When it comes to diagnosing the causes of the Great Depression and prescribing cures for our present recession, the pundits and economists from the biggest schools typically argue about two different types of intervention. Big-government Keynesians, such as Paul Krugman, argue for massive fiscal stimulus—that is, huge budget deficits—to fill the gap in aggregate demand. On the other hand, small-government monetarists, who follow in the laissez-faire tradition of Milton Friedman, believe that the Federal Reserve needs to pump in more money to prevent the economy from falling into deep depression. Yet both sides of the debate agree that it would be utter disaster for the government and Fed to stand back and allow market forces to run their natural course after a major stock market or housing crash.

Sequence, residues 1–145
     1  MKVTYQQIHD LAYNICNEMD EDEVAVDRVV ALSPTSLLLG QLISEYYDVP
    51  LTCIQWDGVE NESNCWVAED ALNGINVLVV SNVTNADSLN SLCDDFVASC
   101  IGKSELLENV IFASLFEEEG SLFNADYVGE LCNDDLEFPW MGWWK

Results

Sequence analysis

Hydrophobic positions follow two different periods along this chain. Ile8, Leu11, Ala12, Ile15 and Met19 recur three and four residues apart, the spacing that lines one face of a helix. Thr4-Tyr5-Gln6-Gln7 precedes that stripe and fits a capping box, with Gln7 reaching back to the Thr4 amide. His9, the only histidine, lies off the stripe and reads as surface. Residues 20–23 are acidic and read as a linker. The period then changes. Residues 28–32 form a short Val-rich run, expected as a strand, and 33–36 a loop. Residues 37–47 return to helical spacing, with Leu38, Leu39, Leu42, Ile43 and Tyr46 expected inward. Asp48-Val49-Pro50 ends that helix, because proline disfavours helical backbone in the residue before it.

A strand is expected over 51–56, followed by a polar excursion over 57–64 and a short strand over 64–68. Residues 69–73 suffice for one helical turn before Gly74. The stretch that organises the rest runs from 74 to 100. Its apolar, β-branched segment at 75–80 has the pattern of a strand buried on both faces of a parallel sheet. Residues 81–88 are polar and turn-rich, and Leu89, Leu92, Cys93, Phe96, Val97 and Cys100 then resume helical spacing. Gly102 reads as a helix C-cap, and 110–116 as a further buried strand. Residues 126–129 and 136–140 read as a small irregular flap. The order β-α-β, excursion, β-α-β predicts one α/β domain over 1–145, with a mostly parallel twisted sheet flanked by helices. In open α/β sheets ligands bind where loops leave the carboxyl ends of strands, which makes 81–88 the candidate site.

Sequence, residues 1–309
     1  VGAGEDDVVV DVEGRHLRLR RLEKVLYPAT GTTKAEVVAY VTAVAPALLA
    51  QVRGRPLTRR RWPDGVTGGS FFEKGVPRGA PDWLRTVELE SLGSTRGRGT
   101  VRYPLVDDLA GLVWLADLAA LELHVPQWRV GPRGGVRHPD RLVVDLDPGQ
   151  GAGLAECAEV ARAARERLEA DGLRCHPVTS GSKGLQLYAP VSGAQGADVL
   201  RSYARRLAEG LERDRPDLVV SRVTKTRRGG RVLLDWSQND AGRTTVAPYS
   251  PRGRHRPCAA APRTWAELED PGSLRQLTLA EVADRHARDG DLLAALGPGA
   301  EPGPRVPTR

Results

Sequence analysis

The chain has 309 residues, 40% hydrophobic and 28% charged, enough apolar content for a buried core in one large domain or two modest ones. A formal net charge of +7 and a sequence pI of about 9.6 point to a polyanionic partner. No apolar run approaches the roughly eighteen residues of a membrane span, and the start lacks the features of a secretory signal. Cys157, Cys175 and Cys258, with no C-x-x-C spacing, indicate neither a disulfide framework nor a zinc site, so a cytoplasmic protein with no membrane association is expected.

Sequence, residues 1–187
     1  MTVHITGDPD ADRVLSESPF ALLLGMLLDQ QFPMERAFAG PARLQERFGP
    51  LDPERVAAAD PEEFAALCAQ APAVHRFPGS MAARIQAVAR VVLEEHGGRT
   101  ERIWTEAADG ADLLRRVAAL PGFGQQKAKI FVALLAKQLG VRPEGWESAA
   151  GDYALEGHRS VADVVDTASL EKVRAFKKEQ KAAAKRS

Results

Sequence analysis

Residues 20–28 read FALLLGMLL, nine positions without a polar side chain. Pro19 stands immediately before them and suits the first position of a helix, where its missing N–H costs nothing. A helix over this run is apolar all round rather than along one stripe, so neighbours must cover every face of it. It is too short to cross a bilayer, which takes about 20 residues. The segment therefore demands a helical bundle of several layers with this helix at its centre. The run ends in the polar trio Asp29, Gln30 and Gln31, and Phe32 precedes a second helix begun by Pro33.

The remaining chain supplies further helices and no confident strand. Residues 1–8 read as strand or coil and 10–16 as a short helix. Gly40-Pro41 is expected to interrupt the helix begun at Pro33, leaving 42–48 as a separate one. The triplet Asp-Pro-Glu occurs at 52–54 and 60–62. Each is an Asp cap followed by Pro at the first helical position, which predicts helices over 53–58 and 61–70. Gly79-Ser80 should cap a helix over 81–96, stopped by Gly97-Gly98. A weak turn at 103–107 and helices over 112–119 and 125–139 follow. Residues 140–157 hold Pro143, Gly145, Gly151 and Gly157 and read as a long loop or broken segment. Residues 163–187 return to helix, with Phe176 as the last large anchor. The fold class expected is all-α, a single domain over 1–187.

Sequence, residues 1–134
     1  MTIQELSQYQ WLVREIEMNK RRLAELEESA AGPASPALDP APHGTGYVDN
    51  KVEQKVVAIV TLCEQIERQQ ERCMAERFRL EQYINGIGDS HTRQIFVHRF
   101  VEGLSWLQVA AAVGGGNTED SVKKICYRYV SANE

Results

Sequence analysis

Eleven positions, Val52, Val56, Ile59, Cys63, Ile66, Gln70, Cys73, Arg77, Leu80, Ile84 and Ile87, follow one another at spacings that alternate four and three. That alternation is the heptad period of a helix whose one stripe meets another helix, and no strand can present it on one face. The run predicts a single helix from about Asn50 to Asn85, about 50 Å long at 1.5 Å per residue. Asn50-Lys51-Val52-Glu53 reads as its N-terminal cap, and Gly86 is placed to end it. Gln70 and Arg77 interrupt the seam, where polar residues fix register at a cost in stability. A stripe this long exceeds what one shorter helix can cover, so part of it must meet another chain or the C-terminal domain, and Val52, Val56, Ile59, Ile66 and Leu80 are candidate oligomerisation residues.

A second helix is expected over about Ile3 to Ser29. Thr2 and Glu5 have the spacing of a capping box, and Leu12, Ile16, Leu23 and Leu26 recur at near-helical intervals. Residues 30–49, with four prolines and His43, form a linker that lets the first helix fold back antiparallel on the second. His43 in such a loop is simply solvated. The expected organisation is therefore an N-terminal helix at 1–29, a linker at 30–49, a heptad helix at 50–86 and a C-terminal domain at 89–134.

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The Depression You've Never Heard Of: 1920-1921 | Robert P. Murphy